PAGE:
Human trafficking is a humanitarian crime and a significant money laundering predicate offence. In 2020, the International Labor Organization (ILO) estimated that human trafficking crimes had generated around $150 billion in profits, with 25 million victims. In response to the serious emotional and physical damage that human trafficking inflicts on individuals and communities, governments worldwide are introducing measures to detect and prevent it, along with financial regulations to identify, freeze, and confiscate the illegal profits that it generates.
Financial institutions have an important role to play in the fight against human trafficking. By targeting the illegal money that it generates, governments are hoping to engage financial institutions in the global fight against people traffickers, identifying individual perpetrators and reducing the opportunities for criminal organisations to exploit vulnerable people for profit. With that in mind, it is crucial that financial institutions understand their human trafficking regulatory responsibilities, and how to implement suitable anti-money laundering (AML) and counter financing of terrorism (CFT) measures.
What is human trafficking?
Human trafficking, sometimes referred to as migrant smuggling, is broadly defined as the criminal movement of people for exploitation. Victims of illegal trafficking include men, women, and children, who may be recruited or coerced to leave their homes and then forced into work or prostitution upon reaching their destination. Interpol defines the following categories of human trafficking:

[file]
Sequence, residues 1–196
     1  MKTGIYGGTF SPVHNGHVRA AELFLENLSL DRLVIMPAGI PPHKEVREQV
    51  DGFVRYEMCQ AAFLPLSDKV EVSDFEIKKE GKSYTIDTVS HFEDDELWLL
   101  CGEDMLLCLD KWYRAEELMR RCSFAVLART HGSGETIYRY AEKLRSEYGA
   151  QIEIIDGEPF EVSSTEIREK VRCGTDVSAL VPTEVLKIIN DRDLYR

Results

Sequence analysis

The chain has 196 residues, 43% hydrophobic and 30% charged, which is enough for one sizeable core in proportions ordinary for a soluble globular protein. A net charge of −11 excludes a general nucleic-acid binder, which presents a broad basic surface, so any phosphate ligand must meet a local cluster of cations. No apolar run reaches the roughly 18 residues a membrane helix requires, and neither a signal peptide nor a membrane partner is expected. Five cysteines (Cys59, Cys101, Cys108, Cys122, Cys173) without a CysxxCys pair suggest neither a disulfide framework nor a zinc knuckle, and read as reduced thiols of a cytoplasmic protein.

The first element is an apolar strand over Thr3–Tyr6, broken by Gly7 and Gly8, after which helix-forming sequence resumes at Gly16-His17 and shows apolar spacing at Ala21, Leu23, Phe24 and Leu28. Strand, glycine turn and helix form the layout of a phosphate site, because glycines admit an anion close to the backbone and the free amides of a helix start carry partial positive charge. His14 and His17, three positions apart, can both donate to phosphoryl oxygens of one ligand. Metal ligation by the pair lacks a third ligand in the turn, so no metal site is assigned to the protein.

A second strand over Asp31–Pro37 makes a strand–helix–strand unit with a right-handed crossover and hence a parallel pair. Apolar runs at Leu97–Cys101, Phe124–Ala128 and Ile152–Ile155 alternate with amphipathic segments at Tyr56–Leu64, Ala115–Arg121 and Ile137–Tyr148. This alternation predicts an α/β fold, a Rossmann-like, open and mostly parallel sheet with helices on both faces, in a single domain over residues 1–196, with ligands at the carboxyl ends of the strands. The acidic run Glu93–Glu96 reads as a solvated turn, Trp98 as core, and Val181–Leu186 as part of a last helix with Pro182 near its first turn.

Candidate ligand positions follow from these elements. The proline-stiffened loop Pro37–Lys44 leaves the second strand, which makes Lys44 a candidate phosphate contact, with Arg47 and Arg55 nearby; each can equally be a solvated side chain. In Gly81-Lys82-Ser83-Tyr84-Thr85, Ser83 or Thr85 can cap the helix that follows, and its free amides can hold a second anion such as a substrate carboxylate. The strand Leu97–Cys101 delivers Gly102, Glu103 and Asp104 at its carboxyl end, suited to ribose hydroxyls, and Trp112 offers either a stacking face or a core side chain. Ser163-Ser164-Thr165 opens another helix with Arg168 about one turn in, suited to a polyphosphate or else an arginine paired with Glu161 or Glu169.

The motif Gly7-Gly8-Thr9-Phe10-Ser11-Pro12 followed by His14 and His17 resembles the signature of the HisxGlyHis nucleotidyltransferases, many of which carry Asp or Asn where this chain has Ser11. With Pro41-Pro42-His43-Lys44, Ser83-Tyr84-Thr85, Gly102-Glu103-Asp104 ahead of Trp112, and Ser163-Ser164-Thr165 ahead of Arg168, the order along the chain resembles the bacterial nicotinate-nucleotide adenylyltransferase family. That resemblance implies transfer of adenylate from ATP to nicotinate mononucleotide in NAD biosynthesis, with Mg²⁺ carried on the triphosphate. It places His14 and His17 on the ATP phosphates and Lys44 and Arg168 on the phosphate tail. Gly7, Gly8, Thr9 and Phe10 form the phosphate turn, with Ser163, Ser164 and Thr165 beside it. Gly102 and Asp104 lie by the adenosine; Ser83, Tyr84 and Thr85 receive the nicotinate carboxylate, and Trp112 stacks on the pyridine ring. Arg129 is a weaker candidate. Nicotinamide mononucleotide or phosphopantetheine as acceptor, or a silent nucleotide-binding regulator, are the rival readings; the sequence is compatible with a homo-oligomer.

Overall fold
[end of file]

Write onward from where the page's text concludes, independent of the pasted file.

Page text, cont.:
Victims are often coerced into extremely low paying jobs with poor health and safety conditions – or even into modern slavery. Forced labour jobs are often held in the agricultural, mining, fishing, and construction industries.
Forced Criminal Activity
Many migrant smuggling victims are forced to carry out crimes on behalf of third parties, including the selling of counterfeit items, begging, and drug cultivation.
Many victims are exploited sexually. This form of people trafficking tends to involve female and child victims who are forced into prostitution.
Criminals may exploit the desperation of patients and donors to smuggle migrants across borders for the purposes of organ donation, with medical procedures often taking place in unsuitable and dangerous conditions.
How are human trafficking and money laundering linked?
Human trafficking is considered one of the most profitable criminal enterprises in the world, with the potential to generate significant ongoing profits for its perpetrators. As victims are forced into work, the money that they generate must be disguised before it can be introduced into the legitimate financial system. With those factors in mind, human trafficking qualifies as a money laundering predicate offence – which means that it is a criminal offence which necessitates money laundering as a subsequent, connected criminal offence.